The Writer Fantastico


In a place undocumented and at a time unknown, it so happened that there lived a woman whose words had the power to change the world. This writer of ours was no potboiler but a wordsmith who knew her way around the most grittiest of subjects. She could explain to you the most mysterious of life’s secrets as if she was explaining to you the rules of a children board game. Women would read her books and find as if they themselves were the protagonists of her stories; girls turning into women would read her books and hope to do so. Men would read her to know their place in those worlds and boys would read her to know secrets to woo girls.

At the peak of her career, she felt like writing something quite unlike anything she ever had; quite unlike anything her readers had ever read. She thought of giving them the greatest work of her career and this time, truly win their most sincere of applauds. For doing that, she would turn to the greatest literary idols who had shaped her writing in hopes to write something that they  themselves would be proud of if they read.

In order to prepare herself for what was to be the most notable work of her career, she secluded herself to her mountain home, away from all the razzmatazz of the city. As she went about deeper and deeper into her novel, her mind went into the hollowness of the facades that people tended to adopt in lives. She felt like she needed to uncover them, to tell them to lose it and to preach them a new wave of behavioural revolution. The more she thought about what she was about to bring into the world, the more it drove her interests. After what was about six months of solitary brainstorming, she had in her hands the greatest novel of her times.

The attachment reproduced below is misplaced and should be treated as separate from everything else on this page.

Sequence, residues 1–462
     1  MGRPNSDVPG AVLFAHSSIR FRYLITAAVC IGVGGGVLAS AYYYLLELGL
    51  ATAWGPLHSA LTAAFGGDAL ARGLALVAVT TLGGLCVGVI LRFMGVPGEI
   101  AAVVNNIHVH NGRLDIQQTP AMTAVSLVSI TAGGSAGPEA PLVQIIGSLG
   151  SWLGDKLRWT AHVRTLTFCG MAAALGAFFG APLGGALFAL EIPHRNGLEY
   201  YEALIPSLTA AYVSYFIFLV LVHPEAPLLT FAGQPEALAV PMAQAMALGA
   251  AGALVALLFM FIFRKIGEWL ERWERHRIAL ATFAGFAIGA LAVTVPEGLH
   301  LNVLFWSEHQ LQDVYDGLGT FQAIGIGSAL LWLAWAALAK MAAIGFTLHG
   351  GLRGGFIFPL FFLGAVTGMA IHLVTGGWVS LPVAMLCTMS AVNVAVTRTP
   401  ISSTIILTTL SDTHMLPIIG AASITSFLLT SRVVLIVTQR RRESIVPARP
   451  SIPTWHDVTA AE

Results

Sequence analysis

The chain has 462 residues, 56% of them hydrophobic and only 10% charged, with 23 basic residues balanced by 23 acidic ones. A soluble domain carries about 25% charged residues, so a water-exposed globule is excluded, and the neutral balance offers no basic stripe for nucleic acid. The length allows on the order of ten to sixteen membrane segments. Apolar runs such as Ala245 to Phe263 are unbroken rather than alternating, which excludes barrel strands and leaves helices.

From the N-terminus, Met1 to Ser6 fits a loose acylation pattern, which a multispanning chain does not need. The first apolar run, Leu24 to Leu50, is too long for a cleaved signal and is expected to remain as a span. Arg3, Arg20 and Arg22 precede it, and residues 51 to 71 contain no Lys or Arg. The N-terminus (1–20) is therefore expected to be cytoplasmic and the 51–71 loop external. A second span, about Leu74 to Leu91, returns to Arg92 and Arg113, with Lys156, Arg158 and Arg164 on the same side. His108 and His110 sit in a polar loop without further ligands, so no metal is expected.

Returning home, she told the people about what she was about to give them. “It would be my most sincere gift to readers”, she had said. Her readers, with hearts pumped up ever so briskly would applaud in anticipation. She thought like she had never been happier.

As she  came closer to getting her book to the public, she became more and more possessive of it. She couldn’t go around the idea of having an editor read it and throw out the briskest of her ideas. She wouldn’t even let her lifelong friend, one she had always confided in for an honest review of her books, to read this one- “It’s a surprise and as such you are not supposed to open the package beforehand”, she would tell him. And so, she decided to self-publish the book, putting all her money and energies into getting it to all nooks and corners of the land. She had more copies made than her previous two books combined.

The day the book reached readers, she went home early and locked herself away from all people who would be going through her magnum opus. She would go to bed but couldn’t sleep in the thrill of it.

The next day, as she prepared to leave for the biggest store of the city, she imagined herself being caught midway by swarms of her fans who might have read it in the night. But as it turned out, none of that happened. When she reached the store, she was petrified to find out that little to no copies of the book had been sold that day. In a few days time, she would find that the novel was a complete failure and that she was brought to ruins.

She went back to the mountains and would stay there for days she wouldn’t count. On returning, she found a note from the friend at her door. He had written, “You forgot the first rule of writing you ever taught me. Never ask questions you don’t know the answer to”.

This blog post is inspired by the blogging marathon hosted on IndiBlogger for the launch of the #Fantastico Zica from Tata Motors. You can apply for a test drive of the hatchback Zica today.


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